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1 Economic Analysis of Methane Emission Reduction Opportunities in the U.S. Onshore Oil and Natural Gas March 2014 Prepared for Environmental Defense Fund 257 Park Avenue South New York, NY Prepared by ICF International 9300 Lee Highway Fairfax, VA 22031

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3 Contents 1. Executive Summary Introduction Goals and Approach of the Study Overview of Gas Sector Methane Emissions Climate Change Forcing Effects of Methane Cost Effectiveness of Emission Reductions Approach and Methodology Overview of Methodology Development of the 2011 Emissions Baseline Projection to Identification of Targeted Emission Sources Selected Mitigation Technologies Source Categories Not Addressed Analytical Results Development of Emission Control Cost Curves Emission Reduction Cost Curves Co Benefits Case Studies Wet Seal Compressor Degassing for Centrifugal Compressors Dry Seal Replacement/Retrofit Wet Seal Degassing Capture Systems Economic Analysis of Installing Wet Seal Degassing Capture Systems Liquids Unloading Background Plunger Lifts Additional Options for Removing or Remediating Liquids Problems Liquids Issues in Horizontal Wells Conclusions Appendix A. Additional Sensitivities... A 1 Appendix B. Development of the 2011 Emissions Baseline... B 1 Appendix C. Emission Projection to C 1 Appendix D. Methane Mitigation Technologies... D 1 Figures Figure 1 1 Marginal Abatement Cost Curve for Methane Reductions by Source Figure 2 1 Natural Gas Industry Processes and Example Methane Emission Sources Figure 3 1 Emission Projection to 2018 (Including Offshore) Figure 3 2 Distribution of Emissions in ICF International iii March 2014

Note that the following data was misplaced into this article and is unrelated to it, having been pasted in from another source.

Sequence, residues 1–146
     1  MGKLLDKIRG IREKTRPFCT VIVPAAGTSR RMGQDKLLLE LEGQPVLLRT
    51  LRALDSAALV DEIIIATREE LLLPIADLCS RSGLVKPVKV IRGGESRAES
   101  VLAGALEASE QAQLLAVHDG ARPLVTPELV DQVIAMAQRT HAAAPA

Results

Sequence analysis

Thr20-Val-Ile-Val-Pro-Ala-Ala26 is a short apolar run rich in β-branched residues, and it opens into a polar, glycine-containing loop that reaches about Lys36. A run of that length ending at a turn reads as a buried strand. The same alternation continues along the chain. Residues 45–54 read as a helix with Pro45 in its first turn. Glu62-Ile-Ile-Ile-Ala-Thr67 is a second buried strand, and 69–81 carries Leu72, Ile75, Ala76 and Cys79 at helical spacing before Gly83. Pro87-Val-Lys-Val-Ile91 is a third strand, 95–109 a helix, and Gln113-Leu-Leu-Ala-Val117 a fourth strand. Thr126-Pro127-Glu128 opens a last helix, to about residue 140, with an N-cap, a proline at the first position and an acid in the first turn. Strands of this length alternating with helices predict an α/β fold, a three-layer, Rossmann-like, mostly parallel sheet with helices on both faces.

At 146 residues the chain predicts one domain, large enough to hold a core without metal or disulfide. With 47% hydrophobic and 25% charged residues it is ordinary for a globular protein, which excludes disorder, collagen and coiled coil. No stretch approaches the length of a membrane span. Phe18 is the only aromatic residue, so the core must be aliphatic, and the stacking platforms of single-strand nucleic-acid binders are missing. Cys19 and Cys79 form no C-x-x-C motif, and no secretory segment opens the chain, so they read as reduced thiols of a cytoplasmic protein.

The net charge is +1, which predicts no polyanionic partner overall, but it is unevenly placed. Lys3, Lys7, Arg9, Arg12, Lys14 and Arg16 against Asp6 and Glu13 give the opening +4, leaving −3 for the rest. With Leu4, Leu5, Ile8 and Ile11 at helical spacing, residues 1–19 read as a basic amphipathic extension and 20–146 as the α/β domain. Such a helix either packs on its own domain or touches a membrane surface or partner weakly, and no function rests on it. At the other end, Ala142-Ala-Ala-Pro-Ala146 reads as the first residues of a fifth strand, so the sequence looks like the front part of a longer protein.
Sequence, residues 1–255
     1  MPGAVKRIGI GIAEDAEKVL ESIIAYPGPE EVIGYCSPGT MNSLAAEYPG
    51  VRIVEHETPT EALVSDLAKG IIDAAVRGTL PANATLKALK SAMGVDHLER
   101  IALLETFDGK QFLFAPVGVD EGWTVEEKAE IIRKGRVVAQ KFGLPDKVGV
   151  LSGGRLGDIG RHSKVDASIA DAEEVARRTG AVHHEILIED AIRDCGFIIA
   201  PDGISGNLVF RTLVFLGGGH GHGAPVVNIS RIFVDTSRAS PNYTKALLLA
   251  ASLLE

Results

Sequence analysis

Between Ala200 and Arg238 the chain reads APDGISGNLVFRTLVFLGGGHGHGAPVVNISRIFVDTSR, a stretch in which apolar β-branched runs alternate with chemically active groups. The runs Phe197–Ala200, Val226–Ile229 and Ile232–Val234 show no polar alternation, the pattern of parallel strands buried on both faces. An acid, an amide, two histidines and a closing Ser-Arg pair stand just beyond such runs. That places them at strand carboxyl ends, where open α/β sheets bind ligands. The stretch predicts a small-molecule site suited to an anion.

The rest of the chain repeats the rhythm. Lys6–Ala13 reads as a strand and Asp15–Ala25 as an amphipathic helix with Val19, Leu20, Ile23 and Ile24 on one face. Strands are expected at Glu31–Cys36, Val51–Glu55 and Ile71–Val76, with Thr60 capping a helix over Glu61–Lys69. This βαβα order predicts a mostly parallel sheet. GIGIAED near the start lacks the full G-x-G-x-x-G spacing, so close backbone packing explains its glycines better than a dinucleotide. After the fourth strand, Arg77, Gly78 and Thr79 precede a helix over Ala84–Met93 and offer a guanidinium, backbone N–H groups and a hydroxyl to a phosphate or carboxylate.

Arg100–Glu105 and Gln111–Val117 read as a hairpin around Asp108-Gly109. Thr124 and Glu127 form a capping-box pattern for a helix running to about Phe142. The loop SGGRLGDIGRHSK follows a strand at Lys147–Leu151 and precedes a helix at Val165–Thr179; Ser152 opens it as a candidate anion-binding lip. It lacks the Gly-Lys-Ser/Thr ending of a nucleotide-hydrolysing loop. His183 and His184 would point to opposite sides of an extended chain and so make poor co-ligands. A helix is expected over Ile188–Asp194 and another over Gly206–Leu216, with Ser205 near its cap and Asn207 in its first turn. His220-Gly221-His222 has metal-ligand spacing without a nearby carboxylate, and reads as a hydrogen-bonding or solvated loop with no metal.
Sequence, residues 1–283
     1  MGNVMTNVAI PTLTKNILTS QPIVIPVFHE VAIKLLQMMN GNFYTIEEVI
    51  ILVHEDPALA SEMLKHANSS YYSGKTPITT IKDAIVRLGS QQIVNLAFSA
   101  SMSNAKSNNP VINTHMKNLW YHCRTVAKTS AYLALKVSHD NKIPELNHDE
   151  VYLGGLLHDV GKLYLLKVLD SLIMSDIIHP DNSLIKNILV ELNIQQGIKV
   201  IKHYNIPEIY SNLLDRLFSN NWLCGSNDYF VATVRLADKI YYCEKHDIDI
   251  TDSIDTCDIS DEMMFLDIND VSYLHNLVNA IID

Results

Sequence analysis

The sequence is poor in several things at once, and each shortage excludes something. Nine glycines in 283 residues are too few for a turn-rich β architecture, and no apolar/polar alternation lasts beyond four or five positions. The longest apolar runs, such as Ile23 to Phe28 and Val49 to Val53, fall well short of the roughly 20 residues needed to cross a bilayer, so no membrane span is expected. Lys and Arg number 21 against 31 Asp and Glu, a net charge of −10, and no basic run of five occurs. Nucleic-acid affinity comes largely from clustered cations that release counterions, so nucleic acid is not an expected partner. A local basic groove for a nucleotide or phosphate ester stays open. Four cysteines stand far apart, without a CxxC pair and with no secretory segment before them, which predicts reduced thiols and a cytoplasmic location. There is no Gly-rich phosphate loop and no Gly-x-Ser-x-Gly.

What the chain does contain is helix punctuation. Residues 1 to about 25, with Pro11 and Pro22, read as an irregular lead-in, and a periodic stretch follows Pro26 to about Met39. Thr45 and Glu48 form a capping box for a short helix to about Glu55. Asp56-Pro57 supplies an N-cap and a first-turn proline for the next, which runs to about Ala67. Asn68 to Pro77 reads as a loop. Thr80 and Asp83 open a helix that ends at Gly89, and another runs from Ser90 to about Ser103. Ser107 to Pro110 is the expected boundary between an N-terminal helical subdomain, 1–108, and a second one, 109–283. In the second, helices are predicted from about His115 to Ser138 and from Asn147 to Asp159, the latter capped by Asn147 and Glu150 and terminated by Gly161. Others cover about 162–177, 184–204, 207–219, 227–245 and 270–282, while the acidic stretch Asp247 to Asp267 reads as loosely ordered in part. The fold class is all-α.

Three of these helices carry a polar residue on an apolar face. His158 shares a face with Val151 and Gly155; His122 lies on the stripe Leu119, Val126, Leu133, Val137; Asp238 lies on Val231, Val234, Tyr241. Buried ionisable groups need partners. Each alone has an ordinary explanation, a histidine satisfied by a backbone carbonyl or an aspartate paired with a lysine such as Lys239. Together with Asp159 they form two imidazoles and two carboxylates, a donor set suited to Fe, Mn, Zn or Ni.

4 Figure 3 3 EIA Oil and Gas Regions Figure Projected Onshore Emissions Figure 3 5 Reciprocating Compressor Rod Packing Figure 3 6 Wet Seal Compressor Schematic Figure 3 7 Plunger Lift Schematic Figure 4 1 Example MAC Curve Figure 4 2 National Aggregate MAC Curve for Baseline Technology Assumptions Figure 4 3 Distribution of Emission Reduction Potential Figure 4 4 Emission Reduction by Industry Segment Figure 4 5 Emission Reductions for the Gas Production Segment Figure 4 6 Emission Reductions for the Oil Production Segment Figure 4 7 Emission Reductions for the Gathering and Boosting Segment Figure 4 8 Emissions Reductions for the Gas Transmission Segment Figure 4 9 National Aggregate MAC Curve with Baseline Technology Assumption and Economy Wide Value Recognition Figure 4 10 National Aggregate MAC Curve by Region Figure 4 11 Co Benefit Reductions of VOCs and HAPs Figure 4 12 VOC Reduction Co Benefits Figure 4 13 Hazardous Air Pollutant Co Benefits Figure 5 1 Dry Seals on a Centrifugal Compressor Figure 5 2 Wet seal degassing recovery system for centrifugal compressors (Source U.S. EPA) Figure 5 3 Plunger Lift Schematic Figure 5 4 Installation of Velocity Tubing Serving to Reduction the Cross Section Area of the Production Tubing Figure 5 5 Different Types of Horizontal Wells Tables Table 3 1 Summary of 2011 Methane Emissions Baseline Table 3 2 Highest Emitting Onshore Methane Source Categories in Table 3 3 LDAR Hourly Cost Calculation Table 3 4 Cost Calculation Quarterly LDAR Table 3 5 Assumptions for Rod Packing Replacement Table 3 6 Summary of Mitigation Measures Applied Table 3 7 Summary of Mitigation Measure Characteristics Table 4 1 Annualized Cost and Reduction and Initial Capital Cost Table 4 2 Initial Capital Cost by Industry Segment Table 5 1 Degassing Recovery System Estimated Installation and Equipment Costs Table 5 2 Wet Seal Degassing Recovery System Costs and Savings for One Compressor Table 5 3 Wet Seal Degassing Recovery System Costs and Savings for Four Compressors at a Station Table 5 4 Reported Capital and Operating Cost Ranges for Installing Plunger Lift Systems ICF International iv March 2014